Other top 122-pounders, meanwhile, including Carl Frampton and Kiko Martinez, are based overseas and likely do not have enough name recognition to convince HBO to pay for a match.
What that leaves, then, is a situation in which Top Rank and Rigondeaux aren’t making each other happy. A long-term relationship lacking in love isn’t worth maintaining.
Rigondeaux’s contract with co-promoter Caribe Promotion continues until 2015, according to Hyde. Yet for all of Rigondeaux’s talent, it was Top Rank’s pull in the boxing business that helped Rigondeaux get the main event spots and the larger paydays. Unless the rift can be repaired, Rigondeaux might soon be left hoping that Golden Boy has some interest in signing him.
The end of any long-term relationship can bring the pointing of fingers and the lobbing of accusations, but it should also bring self-reflection and the potential for self-improvement.
It might not seem fair to Rigondeaux that Top Rank fell out of love with him. It might not be fair, either. There’s nothing he can change about the past, but there are changes he can make for the future.
He can’t just expect suitors to come out of the woodwork, though. He’s going to need to attract them.
The 10 Count
1. Gennady Golovkin stayed busy with a seventh-round technical knockout of Osumanu Adama this past Saturday, putting Adama on the canvas three times. Though Adama had three previous losses, this was the first time he failed to see the final bell.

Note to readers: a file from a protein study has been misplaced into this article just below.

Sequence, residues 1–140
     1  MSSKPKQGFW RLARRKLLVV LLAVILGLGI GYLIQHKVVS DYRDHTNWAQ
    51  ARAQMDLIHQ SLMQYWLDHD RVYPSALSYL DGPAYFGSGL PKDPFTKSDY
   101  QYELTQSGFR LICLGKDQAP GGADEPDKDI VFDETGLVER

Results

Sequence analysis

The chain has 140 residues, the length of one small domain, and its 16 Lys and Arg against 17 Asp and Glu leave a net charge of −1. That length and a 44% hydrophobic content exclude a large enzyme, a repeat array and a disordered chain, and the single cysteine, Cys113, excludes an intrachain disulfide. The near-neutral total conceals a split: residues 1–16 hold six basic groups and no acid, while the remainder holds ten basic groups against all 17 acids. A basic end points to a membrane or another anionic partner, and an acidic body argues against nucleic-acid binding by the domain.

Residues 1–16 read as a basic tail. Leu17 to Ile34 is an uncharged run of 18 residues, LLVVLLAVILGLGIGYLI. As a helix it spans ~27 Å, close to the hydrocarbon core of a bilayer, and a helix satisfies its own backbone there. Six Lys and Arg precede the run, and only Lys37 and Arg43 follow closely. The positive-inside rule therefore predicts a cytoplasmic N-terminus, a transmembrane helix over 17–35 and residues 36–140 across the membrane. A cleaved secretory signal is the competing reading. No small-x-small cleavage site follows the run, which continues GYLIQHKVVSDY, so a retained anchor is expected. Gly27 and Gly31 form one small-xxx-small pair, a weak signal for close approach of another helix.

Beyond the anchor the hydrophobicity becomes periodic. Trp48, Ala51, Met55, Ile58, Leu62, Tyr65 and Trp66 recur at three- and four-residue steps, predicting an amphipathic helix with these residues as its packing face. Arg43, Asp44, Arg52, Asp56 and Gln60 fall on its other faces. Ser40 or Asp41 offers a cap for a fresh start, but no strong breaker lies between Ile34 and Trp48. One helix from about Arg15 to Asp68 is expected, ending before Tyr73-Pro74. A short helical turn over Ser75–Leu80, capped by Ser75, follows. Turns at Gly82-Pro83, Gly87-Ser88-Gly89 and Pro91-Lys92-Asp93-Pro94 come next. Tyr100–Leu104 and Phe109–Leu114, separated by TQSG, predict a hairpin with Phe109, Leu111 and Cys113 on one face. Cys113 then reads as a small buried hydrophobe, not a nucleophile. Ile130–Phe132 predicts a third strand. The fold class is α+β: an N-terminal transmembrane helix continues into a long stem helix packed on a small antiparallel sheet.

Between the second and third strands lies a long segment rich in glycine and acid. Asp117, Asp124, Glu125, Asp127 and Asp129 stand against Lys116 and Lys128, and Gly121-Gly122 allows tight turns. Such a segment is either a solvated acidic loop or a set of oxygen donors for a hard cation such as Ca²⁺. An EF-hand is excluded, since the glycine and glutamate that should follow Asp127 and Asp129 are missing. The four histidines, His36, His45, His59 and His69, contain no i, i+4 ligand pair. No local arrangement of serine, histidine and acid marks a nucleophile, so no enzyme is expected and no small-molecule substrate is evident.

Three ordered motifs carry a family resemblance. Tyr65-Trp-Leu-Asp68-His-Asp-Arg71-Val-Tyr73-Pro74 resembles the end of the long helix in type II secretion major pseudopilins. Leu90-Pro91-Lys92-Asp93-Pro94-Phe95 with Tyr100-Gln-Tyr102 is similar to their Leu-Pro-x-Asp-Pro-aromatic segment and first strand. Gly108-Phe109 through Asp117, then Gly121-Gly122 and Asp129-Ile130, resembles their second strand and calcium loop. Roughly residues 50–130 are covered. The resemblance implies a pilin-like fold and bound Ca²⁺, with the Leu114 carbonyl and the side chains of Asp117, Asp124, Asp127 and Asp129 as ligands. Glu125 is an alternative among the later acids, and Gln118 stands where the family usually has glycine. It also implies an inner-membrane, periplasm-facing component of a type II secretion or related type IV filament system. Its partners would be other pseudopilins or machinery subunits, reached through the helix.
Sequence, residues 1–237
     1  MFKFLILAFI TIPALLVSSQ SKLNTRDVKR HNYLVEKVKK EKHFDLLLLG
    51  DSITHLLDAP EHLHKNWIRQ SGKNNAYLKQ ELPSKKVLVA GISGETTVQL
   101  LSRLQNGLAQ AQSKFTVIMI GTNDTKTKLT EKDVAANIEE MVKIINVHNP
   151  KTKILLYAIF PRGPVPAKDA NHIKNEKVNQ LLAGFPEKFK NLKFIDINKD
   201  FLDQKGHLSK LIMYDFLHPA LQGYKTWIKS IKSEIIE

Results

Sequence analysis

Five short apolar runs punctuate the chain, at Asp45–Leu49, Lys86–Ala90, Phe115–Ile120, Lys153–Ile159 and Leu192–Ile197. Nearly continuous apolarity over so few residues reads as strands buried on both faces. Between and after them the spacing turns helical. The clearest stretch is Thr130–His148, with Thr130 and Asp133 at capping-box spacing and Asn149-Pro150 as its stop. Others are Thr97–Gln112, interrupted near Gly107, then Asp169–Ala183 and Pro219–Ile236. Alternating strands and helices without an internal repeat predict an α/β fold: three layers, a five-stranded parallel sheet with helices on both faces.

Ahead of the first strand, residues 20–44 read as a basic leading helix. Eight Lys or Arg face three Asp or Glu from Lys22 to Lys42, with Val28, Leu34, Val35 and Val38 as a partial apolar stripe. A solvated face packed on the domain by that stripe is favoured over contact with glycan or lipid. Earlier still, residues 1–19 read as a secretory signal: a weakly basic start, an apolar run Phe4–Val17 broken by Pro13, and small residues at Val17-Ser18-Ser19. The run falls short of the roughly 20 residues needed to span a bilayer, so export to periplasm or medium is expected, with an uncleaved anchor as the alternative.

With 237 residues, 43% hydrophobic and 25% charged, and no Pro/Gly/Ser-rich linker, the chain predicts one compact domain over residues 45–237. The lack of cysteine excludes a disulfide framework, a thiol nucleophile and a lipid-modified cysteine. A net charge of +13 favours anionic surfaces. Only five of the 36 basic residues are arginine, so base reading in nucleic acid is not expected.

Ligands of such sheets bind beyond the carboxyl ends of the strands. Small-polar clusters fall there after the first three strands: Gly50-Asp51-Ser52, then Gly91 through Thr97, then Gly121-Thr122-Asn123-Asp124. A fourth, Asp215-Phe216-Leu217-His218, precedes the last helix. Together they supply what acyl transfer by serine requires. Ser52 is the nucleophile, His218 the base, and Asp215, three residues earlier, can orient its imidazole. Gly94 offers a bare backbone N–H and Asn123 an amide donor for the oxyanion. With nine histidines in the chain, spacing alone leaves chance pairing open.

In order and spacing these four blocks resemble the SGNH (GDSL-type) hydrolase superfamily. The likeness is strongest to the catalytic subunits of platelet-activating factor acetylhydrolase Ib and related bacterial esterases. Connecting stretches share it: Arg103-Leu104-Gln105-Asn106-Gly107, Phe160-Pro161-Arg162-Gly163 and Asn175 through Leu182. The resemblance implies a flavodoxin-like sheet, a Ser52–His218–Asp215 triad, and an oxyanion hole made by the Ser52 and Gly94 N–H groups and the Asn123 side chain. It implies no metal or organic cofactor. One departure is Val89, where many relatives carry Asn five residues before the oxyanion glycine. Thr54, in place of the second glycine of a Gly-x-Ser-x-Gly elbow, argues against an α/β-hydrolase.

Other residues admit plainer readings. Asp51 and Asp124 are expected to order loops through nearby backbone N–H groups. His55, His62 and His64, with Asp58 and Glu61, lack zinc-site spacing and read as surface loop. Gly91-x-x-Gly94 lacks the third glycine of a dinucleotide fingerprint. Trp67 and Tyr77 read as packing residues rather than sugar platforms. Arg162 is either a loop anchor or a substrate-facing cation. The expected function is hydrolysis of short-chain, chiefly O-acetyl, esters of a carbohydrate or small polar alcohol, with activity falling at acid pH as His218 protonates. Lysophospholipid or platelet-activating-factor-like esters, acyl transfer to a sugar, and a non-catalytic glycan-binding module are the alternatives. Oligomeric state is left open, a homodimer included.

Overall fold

As for Golovkin, this makes 16 fights in a row for him that have ended early. Only three of his 29 wins have been by decision. And only one fight — his 2011 battle with Kassim Ouma — has gone beyond the eighth round. Golovkin-Ouma ended in Round 10.
The obvious storyline is for Golovkin to challenge middleweight champion Sergio Martinez before the year is out. Alas, if Martinez is to face Miguel Cotto this June, then that means “GGG” will need to stay busy.
My top four picks for opponents, in alphabetical order, and with the consideration that bouts involving Golden Boy fighters likely cannot be made: Daniel Geale, James Kirkland, Martin Murray and Felix Sturm.
2. The Boxing Writers Association of America has announced its awards for 2013, with the official ceremony to come on a date still to be announced.
The winners are:
- Fighter of the Year: Floyd Mayweather Jr.
- Fight of the Year: Timothy Bradley UD12 Ruslan Provodnikov
- Trainer of the Year: Freddie Roach
- Manager of the Year: Al Haymon
- Long and Meritorious Service: Lee Samuels (who does public relations for Top Rank) and broadcaster “Colonel” Bob Sheridan
- Excellence in Broadcast Journalism: Paulie Malignaggi
- Good Guy: Jimmy Lennon Jr.
- Courage in Overcoming Adversity: Paul Williams
A couple things to note:
- There was a packed slate for Fighter of the Year voting, with an unprecedented nine names on the ballot (instead of the usual five), and with multiple good choices, as compared to previous years in which there’s one guy truly head and shoulders above all of the rest.
- Someone can win an award without getting a majority of the votes and being the consensus winner.
3. Here were my votes, and the other candidates on the ballot:
- Fighter of the Year: Adonis Stevenson